Parish church of the Annunciation of the Blessed Virgin Mary, Mirsk
Narodowy Instytut Dziedzictwa pl

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Parish church of the Annunciation of the Blessed Virgin Mary



A hall church retaining its distinctive Late Gothic outline despite subsequent redesigns, the building is notable for its surviving Gothic and Renaissance detailing as well as its sumptuous interior décor combining Baroque and Classicist influences.


The church was originally erected in the years 1562-67, replacing an earlier structure first mentioned in 1346 and subsequently lost to the blaze in 1558. Until 1654, the church served the needs of the local Protestant community. It was damaged by fire on numerous occasions in the years 1642, 1689 (after which it has been rebuilt by 1699) and in 1767 (reconstructed by 1780). During the late 18th century, the church was redesigned, receiving its interior galleries. The tower was also extended upwards, attaining the total height of 59.5 metres. The church underwent restoration on numerous occasions, including in 1817, 1827, 1869, 1904, 1950 and 1969-73.


The church is located in the southern part of the town; it is surrounded by the cemetery. Its appearance reveals a mixture of the Gothic and Renaissance styles. It is an impressive brick and stone hall church oriented towards the east, with a three-nave main body and an integrated chancel with a semi-hexagonal end section. It features a monumental outline, its walls reinforced with pronounced buttresses, with a tower designed on a square floor plan and featuring an octagonal upper section adjoining it to the west. A two-storey annex containing the porch and the sacristy adjoins the tower. The main body of the church is topped with a tall gable roof with a multi-pitched eastern end section. The tower is crowned with a bulbous cupola designed in the Baroque Revival style (1904), while the side annex is covered by an extended section of the main roof. Most of the windows are topped with round arches and set into slightly splayed, deep niches framed with decorative surrounds and adorned with stone tracery. A fasciated stone portal dating back to the second half of the 16th century and featuring a semi-circular archivolt can be found on the western side of the church. The southern portal, on the other hand, is a rather restrained design incorporating both Gothic and Renaissance influences, topped with a cornice and inscription plaque bearing the date 1562. Epitaph plaques from the 16th-19th century are embedded in the walls of the church. The interior features a cross-ribbed vault supported by semi-circular structural arches positioned on corbels projecting from the walls as well as on octagonal pillars which divide the nave and the side aisles. Remnants of Gothic stonework decorations can still be seen on the vaulted ceiling. The patrons’ gallery opens towards the nave with a glazed triple arch. A wooden organ gallery dating back to the 18th century occupies the western bays of the nave. The interiors are graced by sumptuous Baroque and Classicist fixtures and fittings maintaining a consistent, uniform appearance; notable items include the polychromed wooden altarpieces funded by the von Schaffgotsch family (years 1800-05) as well as a pulpit dating back to 1805; both the altarpieces and the pulpit have been crafted by Franz Herden. Other notable features include the 1801 pipe organ casing and a stone baptismal font from the 2nd half of the 18th century as well as a donation box from 1580. The interior of the church is also home to a collection of Baroque sculptures and figures from the 17th and 18th century. Stone statues of St Florian and St John of Nepomuk (1720) stand in the vicinity of the church, the von Schaffgotsch family crests still adorning their plinths. A Baroque tomb chapel of the Kittelmann family (1751) and a number of stone epitaph plaques from the 18th and 19th century, positioned in a series of recesses set into the perimeter wall, can all be found in the cemetery which stretches around the church.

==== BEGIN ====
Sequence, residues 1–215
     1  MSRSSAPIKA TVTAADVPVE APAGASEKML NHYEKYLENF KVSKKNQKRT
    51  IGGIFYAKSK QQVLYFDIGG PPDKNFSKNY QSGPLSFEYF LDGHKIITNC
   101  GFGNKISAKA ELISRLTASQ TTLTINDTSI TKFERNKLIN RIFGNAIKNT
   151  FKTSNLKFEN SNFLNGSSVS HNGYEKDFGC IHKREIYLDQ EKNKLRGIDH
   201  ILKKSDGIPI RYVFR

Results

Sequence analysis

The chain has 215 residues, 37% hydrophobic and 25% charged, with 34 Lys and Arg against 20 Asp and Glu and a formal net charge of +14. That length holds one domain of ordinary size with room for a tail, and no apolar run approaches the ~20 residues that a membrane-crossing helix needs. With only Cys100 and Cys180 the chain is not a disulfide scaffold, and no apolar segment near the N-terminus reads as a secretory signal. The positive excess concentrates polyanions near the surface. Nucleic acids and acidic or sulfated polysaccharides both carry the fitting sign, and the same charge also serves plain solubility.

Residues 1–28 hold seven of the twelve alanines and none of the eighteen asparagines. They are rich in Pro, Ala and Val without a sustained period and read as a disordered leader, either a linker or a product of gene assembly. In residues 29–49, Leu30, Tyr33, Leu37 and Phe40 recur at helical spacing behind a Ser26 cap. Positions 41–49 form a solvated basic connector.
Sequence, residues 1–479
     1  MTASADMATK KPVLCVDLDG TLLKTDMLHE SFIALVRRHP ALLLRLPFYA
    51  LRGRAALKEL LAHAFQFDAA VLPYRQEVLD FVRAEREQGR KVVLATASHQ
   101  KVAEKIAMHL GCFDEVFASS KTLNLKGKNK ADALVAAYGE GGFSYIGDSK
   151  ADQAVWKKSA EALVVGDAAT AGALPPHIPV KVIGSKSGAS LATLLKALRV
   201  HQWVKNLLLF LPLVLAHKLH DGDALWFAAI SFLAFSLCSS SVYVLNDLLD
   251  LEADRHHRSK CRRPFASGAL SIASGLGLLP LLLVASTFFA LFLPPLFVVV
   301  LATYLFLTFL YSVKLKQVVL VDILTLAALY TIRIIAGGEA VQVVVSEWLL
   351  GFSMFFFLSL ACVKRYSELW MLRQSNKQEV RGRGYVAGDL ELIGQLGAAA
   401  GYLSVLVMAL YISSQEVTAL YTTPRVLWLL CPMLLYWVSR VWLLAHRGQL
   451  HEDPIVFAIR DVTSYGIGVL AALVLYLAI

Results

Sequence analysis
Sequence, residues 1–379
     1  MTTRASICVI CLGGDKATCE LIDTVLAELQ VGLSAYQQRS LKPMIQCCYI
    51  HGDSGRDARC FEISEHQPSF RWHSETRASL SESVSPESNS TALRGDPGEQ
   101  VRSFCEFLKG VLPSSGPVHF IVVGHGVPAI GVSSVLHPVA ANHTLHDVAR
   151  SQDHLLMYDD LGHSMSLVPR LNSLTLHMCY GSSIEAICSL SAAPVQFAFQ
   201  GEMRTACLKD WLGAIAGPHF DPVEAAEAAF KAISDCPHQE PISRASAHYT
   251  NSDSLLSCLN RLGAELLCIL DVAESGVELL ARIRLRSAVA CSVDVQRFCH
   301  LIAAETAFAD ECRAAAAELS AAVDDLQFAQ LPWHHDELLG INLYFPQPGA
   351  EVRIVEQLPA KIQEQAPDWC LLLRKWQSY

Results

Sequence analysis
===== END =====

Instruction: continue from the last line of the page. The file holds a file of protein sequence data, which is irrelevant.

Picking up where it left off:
The church interiors may be visited during church service. For more information, please contact the parish office.

compiled by Piotr Roczek, Regional Branch of the National Heritage Board of Poland in Wrocław, 23-06-2015.


  • Słownik Geografii Turystycznej Sudetów. Vol. 2 Pogórze Izerskie, Vol. II, M. Staff (ed.), Wrocław 2003, pp. 50, 55-57,
  • Zabytki sztuki w Polsce. Śląsk, Warsaw 2006, p. 573.

General information

  • Type: church
  • Chronology: 2 poł. XVI w.
  • Form of protection: register of monuments
  • Address: Kościelna , Mirsk
  • Location: Voivodeship dolnośląskie, district lwówecki, commune Mirsk - miasto
  • Source: National Heritage Board of Poland


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